School Author Visits 2.0 by Vicki Cobb from The Huffington Post. Peek: “How could we make research, love of content and the creation of works to be shared with others—the motivation behind our careers—become something students do? Children’s authors have hard-won skills; we must make difficult concepts accessible, we must be engaging, we must build the motivation to learn into the craft of writing.” Cobb founded iNK Think Tank, an organization of award-winning children’s nonfiction authors. Its Authors-On-Call division uses interactive videoconferencing to bring authors into classrooms.
Please Don’t Talk About Your Book by Barbara Dee from Nerdy Book Club. Peek: “‘This is a politically polarized community,’ …Teachers have been advised to be ‘careful,’ so that they don’t inflame tensions which may have been exacerbated by the recent election….’We thought it was great when you spoke about inclusion and tolerance and the need for diversity in kidlit….We just want you to keep it general.’”
2017 Anna Dewdney Read Together Award Finalists Announced by Emma Kantor from Publishers Weekly. Peek: Penguin Young Readers, the Children’s Book Council (CBC) and Every Child a Reader have teamed together for this award honoring the late author and illustrator of the Llama Llama (Viking) series. “The award will be given to a picture book published in the U.S. during the previous five years that inspires empathy and connection and makes for an exceptional read-aloud.” Author and illustrator will share a $1,000 prize from the CBC, and Penguin will donate $5,000 worth of copies of the winning book to an organization chosen by the winner.
Texas Teen Book Festival 2017 Fiction Writing Contest is now accepting submissions from young Texas writers (11-18 years old). Entries accepted until July 1. Texas Teen Book Festival will take place Oct. 17 in Austin.
This Week at Cynsations: 2017 SCBWI Europolitan Con Series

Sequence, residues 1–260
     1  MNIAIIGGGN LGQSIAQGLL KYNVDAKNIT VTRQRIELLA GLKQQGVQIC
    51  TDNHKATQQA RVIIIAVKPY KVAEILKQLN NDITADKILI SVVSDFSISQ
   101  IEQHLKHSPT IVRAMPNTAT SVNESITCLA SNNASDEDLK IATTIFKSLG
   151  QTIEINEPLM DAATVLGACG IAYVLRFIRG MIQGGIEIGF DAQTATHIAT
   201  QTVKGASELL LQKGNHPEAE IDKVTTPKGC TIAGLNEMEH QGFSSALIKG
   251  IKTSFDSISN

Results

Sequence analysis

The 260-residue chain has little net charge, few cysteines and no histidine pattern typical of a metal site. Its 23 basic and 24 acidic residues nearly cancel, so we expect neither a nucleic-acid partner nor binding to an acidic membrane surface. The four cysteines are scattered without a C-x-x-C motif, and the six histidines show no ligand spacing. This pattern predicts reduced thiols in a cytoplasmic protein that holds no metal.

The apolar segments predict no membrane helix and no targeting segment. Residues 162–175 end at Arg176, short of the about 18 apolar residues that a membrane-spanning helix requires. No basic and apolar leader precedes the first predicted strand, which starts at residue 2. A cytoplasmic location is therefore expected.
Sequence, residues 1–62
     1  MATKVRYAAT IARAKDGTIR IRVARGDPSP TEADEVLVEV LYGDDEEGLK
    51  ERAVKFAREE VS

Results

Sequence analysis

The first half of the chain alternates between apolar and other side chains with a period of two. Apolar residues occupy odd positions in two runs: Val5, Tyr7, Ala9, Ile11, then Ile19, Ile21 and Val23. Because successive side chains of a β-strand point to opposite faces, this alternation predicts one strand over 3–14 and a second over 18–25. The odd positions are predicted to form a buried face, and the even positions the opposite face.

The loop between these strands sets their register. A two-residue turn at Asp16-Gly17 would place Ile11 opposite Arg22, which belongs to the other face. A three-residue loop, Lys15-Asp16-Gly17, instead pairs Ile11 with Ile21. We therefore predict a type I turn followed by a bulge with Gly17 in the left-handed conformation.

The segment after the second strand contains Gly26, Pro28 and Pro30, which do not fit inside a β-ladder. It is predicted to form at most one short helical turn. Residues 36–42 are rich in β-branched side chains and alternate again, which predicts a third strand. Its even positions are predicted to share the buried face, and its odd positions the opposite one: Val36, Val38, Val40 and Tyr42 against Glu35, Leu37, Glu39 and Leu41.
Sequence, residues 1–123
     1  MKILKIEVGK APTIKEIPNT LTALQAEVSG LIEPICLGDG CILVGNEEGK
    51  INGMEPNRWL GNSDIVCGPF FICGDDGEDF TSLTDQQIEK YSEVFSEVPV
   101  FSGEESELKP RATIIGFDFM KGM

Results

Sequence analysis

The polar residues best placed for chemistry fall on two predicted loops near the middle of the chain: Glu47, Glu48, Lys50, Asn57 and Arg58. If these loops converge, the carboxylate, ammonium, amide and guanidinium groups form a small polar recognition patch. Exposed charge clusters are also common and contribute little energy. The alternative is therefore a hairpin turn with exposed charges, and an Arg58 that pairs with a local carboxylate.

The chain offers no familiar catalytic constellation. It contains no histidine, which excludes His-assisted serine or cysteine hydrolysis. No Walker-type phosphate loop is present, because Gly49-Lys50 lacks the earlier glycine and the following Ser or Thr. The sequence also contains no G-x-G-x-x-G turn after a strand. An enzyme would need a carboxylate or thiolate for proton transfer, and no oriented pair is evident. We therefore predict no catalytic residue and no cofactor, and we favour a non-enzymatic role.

- Authors Angela Cerrito & Susanne Gervay
- Editors Kendra Levin of Viking & Natalie Doherty of Penguin Random House
- Agent Gemma Cooper of the Bent Agency & Author Robin Stevens
- Dina von Lowenkraft & Elisabeth Norton of Team Europolitan
More Personally – Cynthia
Wearing my writing teacher hat, I’ve just hit SEND on three VCFA student packets today and have only my second post-graduate student to read this week. (This semester I’m working one-on-one with six graduate/PG students total.)
|Mozart’s Coffee Shop in Austin, Texas|
Not to worry, my YA manuscript is still actively in the works, though my part of that is largely jotting down the occasional note on a hardcopy of the manuscript. It’s off to two terrific readers, though–both well versed in literary craft and, equally importantly, possessing of sensitive and intuitive hearts. I look forward to receiving comments this weekend and diving back in next week. Meanwhile, I’m writing recommendation letters and keynotes for upcoming conferences (see below).
I hope your writing, illustrating, educating, publishing, book-loving life is as productive and satisfying, with the understanding that we all experience our ebbs and flows.
My Link of the Week is: A Creek Woman Visits Andrew Jackson’s Tomb by Stacy Pratt from Indian Country Today. Peek: “His spirit lived on in boarding schools and urbanization, in poverty and suicide, in court cases and unsolved murders. In a Creek girl standing at his grave, unable to explain herself in a language her ancestors would understand.”
Cynthia Leitich Smith will be a keynote speaker for the 33rd Annual Virginia Hamilton Conference on April 6 and April 7 at Kent State University in Ohio.
In addition, she will deliver the keynote address at The Color of Children’s Literature Conference from Kweli Literary Journal on April 8 at the New York Times Conference Center in Manhattan.
She is also a faculty member for the Highlights Foundation Workshop: The Joke’s On You! The Scoop on Humor for MG and YA writers, Oct. 12 – 15. She will teach with author Uma Krishnaswami, writer-poetic-comedian Sean Petrie and Curtis Brown Ltd. agents Ginger Knowlton and Elizabeth Harding. Note: this program is: (a) a rare opportunity to gain insights from top writing teachers and Curtis Brown vice presidents: (b) both for comedy writers and those writing more serious works that include some comic relief.
- Live Q&A with Alan Tudyk, K-2SO from “RogueOne: A Star Wars Story“
- Scientists Want to Count Siberia’s Elusive, Endangered Snow Leopard
- 25 Most Anticipated Books by Women for 2017
- Book Drive for School of Robotics Team Champs!
- Writers for Hope Auction Items
More Personally – Gayleen
I justify this by telling myself books being circulated more shows city leaders the library is being used. I’m always pleased when I find something unexpected. This week my surprise treasure was a “sunlight calculator” to measure whether my flowerbed is “partly shady” or “mostly shady.”
Yesterday I was very excited to learn the ALA is having a Virtual Library Legislative Day so I can let Congress know how important libraries are too.